Brad Cole, Tivoli Regional Director, commented: “Hundreds of hedgehogs are injured every year, sometimes fatally, as a result of grounds maintenance work. Working in partnership with North Devon Council, Tivoli are proud supporters of the British Hedgehog Preservation Society, making sure all our operatives are aware of the dangers that mowers, strimmers, hedge cutters, etc. can pose to wildlife. These dangers can be avoided by carrying out a thorough visual check of the area before work commences. By attaching the BHPS stickers to our equipment and raising operator awareness, our aim is to reduce the number of hedgehog injuries and deaths caused by grounds-maintenance activities.”

Contact the British Hedgehog Preservation Society for more information at info@britishhedgehogs.org.uk or email the NDC parks team at parks@northdevon.gov.uk.

Photo: British Hedgehog Preservation Society

BUTTERFLY POPULATIONS BOUNCE AS LOCAL PROJECT IS CELEBRATED IN NATIONAL AWARDS

A project working across Exmoor, Dartmoor and Bodmin Moor has been shortlisted for a national award following exceptional work to rescue butterfly populations in the South West.

All the Moor Butterflies from Butterfly Conservation is one of six projects to be shortlisted for the prestigious 2019 Park Protector Award and the very first Year of Green Action Award for National Park projects from the Government’s Department for the Environment, Food and Rural Affairs.

Jenny Plackett, South West Regional Manager at Butterfly Conservation, said: “Butterfly Conservation is absolutely delighted to be shortlisted for this Award for our work to improve the fortunes of our declining fritillary butterflies across Dartmoor, Exmoor and Bodmin Moor. We have been working alongside dedicated farmers and landowners to increase the quality and extent of suitable breeding habitat, and it would be wonderful if our partnership efforts were to be recognised with this Park Protector Award.”

The project fought off stiff competition to be within touching distance of the Awards, the results of which will be announced in a parliamentary reception this month. This year saw the most applicants apply in the competition’s history!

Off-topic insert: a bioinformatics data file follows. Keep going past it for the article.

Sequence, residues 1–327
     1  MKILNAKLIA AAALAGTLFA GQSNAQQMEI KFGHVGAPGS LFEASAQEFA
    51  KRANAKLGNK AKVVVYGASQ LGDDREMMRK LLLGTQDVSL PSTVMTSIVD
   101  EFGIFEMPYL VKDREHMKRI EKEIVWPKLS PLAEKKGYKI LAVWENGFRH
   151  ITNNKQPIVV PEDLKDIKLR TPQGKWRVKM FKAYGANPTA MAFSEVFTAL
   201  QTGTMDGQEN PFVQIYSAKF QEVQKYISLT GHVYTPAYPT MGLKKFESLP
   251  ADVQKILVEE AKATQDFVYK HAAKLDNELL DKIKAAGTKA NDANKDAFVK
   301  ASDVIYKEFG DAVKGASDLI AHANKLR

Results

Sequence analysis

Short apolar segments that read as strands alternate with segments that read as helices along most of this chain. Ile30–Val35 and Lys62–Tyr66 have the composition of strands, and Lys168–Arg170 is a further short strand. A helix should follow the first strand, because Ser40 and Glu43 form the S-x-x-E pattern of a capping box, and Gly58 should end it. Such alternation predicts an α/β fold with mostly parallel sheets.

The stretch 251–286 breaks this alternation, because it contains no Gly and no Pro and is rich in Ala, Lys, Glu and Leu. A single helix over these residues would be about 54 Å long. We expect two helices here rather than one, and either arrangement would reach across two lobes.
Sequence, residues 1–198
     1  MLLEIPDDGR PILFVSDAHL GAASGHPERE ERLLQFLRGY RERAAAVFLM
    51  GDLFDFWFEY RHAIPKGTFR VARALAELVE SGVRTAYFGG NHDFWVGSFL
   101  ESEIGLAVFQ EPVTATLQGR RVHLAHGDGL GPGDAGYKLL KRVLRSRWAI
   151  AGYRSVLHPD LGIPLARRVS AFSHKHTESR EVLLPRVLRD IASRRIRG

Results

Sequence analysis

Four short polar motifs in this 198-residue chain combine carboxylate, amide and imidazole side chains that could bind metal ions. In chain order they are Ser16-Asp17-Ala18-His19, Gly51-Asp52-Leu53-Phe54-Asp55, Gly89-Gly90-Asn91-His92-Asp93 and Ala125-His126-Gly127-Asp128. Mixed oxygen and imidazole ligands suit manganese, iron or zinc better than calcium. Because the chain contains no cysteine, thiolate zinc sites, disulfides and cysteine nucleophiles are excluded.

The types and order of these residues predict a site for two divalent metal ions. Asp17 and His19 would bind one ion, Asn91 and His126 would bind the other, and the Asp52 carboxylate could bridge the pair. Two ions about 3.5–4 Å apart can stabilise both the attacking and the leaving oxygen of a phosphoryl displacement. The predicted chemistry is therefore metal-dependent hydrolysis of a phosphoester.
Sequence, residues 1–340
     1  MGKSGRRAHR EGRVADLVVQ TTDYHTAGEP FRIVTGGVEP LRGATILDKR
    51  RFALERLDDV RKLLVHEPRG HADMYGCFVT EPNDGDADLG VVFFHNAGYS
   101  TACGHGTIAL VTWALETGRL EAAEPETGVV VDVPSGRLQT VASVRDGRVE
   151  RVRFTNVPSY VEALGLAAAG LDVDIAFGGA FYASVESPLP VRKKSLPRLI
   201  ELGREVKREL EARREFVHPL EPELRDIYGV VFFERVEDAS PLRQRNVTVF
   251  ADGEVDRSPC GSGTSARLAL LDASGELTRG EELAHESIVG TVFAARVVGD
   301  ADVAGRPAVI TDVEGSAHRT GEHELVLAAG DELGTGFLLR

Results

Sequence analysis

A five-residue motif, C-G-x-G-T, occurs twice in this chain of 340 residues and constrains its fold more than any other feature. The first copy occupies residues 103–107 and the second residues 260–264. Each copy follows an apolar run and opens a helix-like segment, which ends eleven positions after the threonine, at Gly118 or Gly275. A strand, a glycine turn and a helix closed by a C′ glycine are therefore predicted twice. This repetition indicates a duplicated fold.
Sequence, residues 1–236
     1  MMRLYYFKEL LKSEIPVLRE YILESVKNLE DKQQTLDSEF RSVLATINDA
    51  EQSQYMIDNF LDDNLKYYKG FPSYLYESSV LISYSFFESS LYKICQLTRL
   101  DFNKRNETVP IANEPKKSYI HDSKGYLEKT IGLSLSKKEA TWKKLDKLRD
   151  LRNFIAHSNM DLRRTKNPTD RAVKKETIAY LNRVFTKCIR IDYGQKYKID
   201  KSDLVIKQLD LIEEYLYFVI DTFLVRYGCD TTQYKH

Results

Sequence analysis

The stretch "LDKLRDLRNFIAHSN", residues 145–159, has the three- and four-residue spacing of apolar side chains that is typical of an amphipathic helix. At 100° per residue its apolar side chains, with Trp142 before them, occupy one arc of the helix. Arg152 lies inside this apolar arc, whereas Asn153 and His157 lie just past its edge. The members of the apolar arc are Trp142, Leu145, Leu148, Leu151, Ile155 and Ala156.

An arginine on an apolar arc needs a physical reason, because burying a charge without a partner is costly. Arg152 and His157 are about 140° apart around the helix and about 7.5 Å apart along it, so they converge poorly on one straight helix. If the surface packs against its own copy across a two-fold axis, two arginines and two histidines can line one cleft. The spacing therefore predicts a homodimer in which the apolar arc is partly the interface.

“The projects are each making an outstanding difference in some of the most famous countryside in the world; they are more vital than ever, when the natural world is under threat like never before and in the year of the National Parks’ 70th anniversary no less!”

“From introducing asylum seekers to the Yorkshire Dales to rescuing endangered butterflies, it’s testament to the power of the National Parks that they are inspiring people to make our countryside a better place for all,” said Corinne Pluchino chief executive of Campaign for National Parks.

Launching the competition, Lord Gardiner of Kimble, the Government minister for National Parks, said: “From my experience travelling the diverse and beautiful landscapes of the Parks I know that there is work to be done, whether that is work to enhance nature or introduce more people than ever to the glory of the countryside. But I also know that very challenge is being embraced by projects up and down the country.”

The six shortlisted projects are:

LOCATE – New Forest National Park

 

 

This project is mapping precious archaeological sites in the New Forest, training volunteers in the specialist skills this requires. This project has helped to map Neolithic long barrows, Iron Age hill forts and Roman pottery kiln sites!

 

People and the Dales– Yorkshire Dales National Park Enabling people from a truly diverse range of backgrounds, including asylum seekers, disabled and inner city youths, to have life changing experiences in the beautiful countryside – improving community relations and introducing thousands to the National Park.

 

SWEPT – Pembrokeshire Coast National Park This project is training citizen scientists to go out and collect vital pollution data in the Pembrokeshire Coast National Park. This data has led to clean-up events and has shone a light on the relationship between land and marine environments.

 

 

Skill builder – Peak District National Park Skill builder is engaging offenders on probation in conservation work across the Peak District, teaching them new skills, improving the offenders’ health and wellbeing and helping their rehabilitation. They boast that no participant has re-offended with the project.

 

Carlton Marshes – Broads National Park An ambitious restoration of 1000 acre landscape for wildlife alongside Lowestoft, one of the UK’s most socially deprived towns. Carlton Marshes is proving that people and wildlife alike can benefit from conservation and has been supported by the likes of Sir David Attenborough.

 

All the Moor Butterflies – Exmoor & Dartmoor National Parks. This project by Butterfly Conservation is rescuing butterfly populations from collapse in South-West England. Through working with farmers and other organisations the project aims to save six threatened species of butterfly and moth.

 

Stephen Ross, of the Ramblers Holiday’s Charitable Trust, which sponsor the Park Protector Award, said: “This year we’ve had an unprecedented number of high quality applicants, judging has been exceptionally tough and because of that I know what we have here are some of the very best projects run by the most passionate people. I wish there was a way to award every project. “